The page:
John Street (from 1930)



GS 2012
1930 New premises in John Street established

When the Post Office moved from George Street to its current location in John Street the Bank also moved to its current location.
1934 Listed in Century of Banking.

1936 John Street building erected.

1959 clipping of the 1936 building erected in John Street.  The upper storey and rear lower floor comprise the Manager's residence.  Submitted by Glen Walker.

1972 photo of the bank submitted by Glen Walker.

1977 Listed in Annual Report

2012 February Kevin Greenaway was visiting Graeme Stevenson at Tweed Heads last Sunday and he showed Kevin some old photos he had of a few Branches Kevin thinks he worked at, including these of the banking chamber as NAB.
George Street Receiving Office
  c1870 Erected.  According to the Singleton Argus, it originally had a large upstairs verandah overhaning the width of the footpath.

Fred Harvison said: "I spoke with Ken Lawson and he said that the Bank was in George Street next to the Royal Hotel. When the Post Office moved from George Street to its current location in John Street the Bank also moved to its current location and the old branch became a Receiving Office" in 1930.

1936 has been a full-time receiving office, for the convenience of customers in the northern end of the town.

Singleton Argus 1966 photo of the Receiving Office.

1973 a new Receiving Office was opened opposite the original building when it was sold (Current Accounts January 1974).
1977 Listed in Annual Report.

Smithtown Smithtown is on the Macleay River, off the Pacific Highway, 17Km north of Kempsey.
1883 opened (70th Report);
1893 January Listed in 89th Report;
1893 closed (91st Report).
(no representation)
 Sofala cannot be located as listed / opened / closed in CBCofS reports but Parkes Newspaper reports that the Manager that opened CBCofS Parkes worked in Hill End and Sofala.

Sofala (and Wattle Flat) are fascinating and well preserved historic gold mining locations Of all the old gold mining towns in NSW Sofala is one of the most interesting and unusual.

(Hill End is 35 km further on and much more carefully preserved)

Sofala is a village with old world charm with nothing more than two streets which have no formal construction and no curbing and guttering and yet which can claim to be 'Australia's oldest surviving gold town'.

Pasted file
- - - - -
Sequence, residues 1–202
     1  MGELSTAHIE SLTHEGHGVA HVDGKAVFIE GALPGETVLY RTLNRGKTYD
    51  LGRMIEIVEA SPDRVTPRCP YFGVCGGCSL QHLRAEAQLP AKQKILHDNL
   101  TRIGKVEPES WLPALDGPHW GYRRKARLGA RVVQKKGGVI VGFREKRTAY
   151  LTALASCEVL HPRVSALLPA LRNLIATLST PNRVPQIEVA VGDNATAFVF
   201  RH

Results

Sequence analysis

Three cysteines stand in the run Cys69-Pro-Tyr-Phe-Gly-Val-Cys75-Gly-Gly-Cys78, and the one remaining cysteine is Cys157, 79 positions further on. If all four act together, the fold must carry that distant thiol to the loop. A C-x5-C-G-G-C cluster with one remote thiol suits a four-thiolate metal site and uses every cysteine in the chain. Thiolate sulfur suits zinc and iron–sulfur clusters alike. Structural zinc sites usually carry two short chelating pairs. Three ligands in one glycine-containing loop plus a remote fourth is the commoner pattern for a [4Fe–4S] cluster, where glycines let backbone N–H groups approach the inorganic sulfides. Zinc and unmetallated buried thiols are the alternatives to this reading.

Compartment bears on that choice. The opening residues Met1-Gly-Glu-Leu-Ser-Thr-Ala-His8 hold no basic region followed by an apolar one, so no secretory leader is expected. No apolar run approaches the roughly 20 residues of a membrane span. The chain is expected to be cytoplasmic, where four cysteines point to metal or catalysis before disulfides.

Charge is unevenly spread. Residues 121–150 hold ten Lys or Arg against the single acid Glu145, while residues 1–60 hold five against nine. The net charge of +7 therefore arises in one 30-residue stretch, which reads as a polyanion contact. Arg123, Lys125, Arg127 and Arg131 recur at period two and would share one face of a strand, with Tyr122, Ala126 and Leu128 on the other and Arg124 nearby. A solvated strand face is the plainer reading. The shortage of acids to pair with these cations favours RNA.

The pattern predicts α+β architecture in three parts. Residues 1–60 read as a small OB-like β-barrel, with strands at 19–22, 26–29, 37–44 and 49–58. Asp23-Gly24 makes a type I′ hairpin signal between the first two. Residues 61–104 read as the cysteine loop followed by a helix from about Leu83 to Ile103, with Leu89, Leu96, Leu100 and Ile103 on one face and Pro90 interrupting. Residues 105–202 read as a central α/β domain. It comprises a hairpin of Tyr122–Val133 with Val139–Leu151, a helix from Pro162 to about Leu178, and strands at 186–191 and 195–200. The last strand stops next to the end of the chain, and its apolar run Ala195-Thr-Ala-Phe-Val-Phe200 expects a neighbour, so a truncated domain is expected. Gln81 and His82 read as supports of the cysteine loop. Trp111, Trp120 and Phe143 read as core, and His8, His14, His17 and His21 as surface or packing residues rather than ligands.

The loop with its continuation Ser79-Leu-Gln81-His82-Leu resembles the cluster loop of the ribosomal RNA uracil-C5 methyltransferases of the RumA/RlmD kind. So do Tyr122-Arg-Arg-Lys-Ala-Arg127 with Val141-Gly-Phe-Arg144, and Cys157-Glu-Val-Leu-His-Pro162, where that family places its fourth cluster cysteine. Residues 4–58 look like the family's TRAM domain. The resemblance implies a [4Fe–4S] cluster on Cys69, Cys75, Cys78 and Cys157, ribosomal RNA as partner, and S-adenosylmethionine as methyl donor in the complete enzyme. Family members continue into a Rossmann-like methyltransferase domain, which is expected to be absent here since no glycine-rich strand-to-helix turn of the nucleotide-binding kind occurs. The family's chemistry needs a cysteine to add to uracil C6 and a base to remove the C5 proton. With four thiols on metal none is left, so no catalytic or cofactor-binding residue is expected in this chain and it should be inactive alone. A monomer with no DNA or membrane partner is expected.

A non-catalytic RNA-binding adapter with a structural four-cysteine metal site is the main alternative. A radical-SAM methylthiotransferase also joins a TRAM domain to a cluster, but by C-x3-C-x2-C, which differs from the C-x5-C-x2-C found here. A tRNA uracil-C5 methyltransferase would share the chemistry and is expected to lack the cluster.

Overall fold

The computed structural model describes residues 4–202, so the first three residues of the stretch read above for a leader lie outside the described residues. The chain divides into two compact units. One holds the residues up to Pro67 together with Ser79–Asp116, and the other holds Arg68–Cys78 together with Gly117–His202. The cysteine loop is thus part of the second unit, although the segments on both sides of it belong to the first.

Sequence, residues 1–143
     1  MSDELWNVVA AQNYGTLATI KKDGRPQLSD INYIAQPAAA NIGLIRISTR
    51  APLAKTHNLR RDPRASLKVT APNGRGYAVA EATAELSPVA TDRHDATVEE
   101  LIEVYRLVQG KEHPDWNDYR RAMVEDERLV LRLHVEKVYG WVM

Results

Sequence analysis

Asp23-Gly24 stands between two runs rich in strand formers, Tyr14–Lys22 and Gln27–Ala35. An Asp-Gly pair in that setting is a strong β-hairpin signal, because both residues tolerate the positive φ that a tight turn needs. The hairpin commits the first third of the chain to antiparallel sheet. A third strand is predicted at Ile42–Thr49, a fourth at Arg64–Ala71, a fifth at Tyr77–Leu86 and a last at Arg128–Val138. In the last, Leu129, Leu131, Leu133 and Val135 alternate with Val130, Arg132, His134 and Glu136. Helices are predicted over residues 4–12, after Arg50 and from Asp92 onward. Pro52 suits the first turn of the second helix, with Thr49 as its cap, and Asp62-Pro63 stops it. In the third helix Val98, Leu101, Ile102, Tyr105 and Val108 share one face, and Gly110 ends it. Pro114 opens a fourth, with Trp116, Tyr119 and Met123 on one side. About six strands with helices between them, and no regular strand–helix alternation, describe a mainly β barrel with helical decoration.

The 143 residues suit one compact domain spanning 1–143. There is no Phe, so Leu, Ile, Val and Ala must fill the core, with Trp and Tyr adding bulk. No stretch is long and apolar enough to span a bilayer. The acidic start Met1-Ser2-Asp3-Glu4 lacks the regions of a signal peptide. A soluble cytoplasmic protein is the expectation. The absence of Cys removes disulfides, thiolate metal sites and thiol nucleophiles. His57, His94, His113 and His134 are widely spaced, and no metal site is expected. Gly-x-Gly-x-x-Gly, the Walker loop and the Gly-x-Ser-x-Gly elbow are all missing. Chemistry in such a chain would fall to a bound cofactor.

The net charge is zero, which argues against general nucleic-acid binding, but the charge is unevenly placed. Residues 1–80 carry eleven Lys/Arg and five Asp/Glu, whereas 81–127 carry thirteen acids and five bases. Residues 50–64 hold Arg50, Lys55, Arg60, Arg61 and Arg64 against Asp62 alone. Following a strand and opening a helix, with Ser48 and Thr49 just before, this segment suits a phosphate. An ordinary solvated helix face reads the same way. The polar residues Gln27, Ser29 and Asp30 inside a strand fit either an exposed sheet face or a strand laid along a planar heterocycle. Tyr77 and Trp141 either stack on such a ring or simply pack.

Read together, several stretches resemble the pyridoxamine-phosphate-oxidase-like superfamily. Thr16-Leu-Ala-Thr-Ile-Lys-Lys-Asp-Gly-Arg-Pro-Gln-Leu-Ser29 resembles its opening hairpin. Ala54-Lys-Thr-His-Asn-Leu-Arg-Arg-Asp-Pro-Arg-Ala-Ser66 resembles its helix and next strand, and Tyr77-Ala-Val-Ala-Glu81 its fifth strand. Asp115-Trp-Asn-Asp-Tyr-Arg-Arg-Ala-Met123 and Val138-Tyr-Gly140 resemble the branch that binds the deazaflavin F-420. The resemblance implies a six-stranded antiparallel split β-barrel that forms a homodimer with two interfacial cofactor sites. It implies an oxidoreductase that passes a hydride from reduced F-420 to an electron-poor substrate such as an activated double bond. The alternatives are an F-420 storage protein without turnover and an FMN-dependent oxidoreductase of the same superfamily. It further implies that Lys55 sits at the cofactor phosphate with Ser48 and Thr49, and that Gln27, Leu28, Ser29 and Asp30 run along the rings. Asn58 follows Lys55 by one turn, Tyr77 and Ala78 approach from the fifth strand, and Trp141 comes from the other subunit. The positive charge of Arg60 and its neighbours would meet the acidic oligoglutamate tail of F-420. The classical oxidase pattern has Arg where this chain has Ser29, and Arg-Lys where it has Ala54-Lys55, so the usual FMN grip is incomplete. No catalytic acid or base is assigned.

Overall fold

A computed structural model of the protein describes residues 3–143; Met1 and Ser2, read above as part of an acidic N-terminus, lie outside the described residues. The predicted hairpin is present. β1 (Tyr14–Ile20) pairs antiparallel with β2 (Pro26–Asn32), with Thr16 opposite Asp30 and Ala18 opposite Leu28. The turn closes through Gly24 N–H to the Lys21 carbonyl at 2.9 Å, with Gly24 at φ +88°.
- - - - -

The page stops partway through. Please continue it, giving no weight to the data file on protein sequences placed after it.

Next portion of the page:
Sofala is 245 km north west of Sydney and 45 km north of Bathurst in the Turon River valley.

1851 Royal Hotel and a General Store were built.
1851-02-12 Sofala began after the goldrush after Edward Hargraves discovered gold at Summerhill Creek.
1851 November a travelling journalist reported:
'Sofala presents a jumble of tents of every possible shape: canvas, calico, slab and bark huts, bough gunyahs and nondescripts.
Two circuses are conspicuous.
Stores of every possible description containing varieties of merchandise are everywhere, embellished with placards announcing the best gold prices available.
Shoe makers and blacksmiths boasting a large number of visitors.'

1852 June a tent city spread across the valley.
1852-06-25 more than 200 ounces of gold taken from the Turon Valley had been sold in Bathurst.
When the local landowner realised he would never move the miners off his land he became a butcher and started selling mutton.
1852 The goldfield was short-lived with the population peaking at 10,000 in September and dropping to 5,000 by Christmas.  It was a ramshackle temporary town with dozens of pubs and, at its height, an estimated 500 illegal sly grog shops.
1852 there was a brief altercation between miners and police over mining licenses but it did not amount to outright rebellion.  The miners caved in and the license fees (30 shillings per month) were retained.

1853 visitors were describing the town as little more than 'wood huts or as they term them shingle, weatherboard, houses and tents.
There were many tents scattered along the river.'  The fortune of the town was all too brief.

1854 May there were less than 500 diggers on the field and by 1855, with new gold discoveries occurring at Wattle Flat, Sofala was in decline.

1856 there were only 325 males and 203 females living in bark huts and working the goldfields in Sofala.

Even though Sofala was beginning to reduce in importance the goldrush had established a substantial infrastructure. In 1866 there were:
a post and money order office,
a telegraph office,
a hospital,
court of petty sessions,
district court,
police camp,
gold commissioner's camp,
Anglican, Catholic, Wesleyan Churches
two denominational and five private schools,
two hotels (the Sofala Inn and the Barley Mow),
a number of public houses and several extensive stores.

There was a booking office at the Barley Mow for Cobb & Co., where coaches could be caught for Bathurst, Orange, Lambing Flat and Forbes.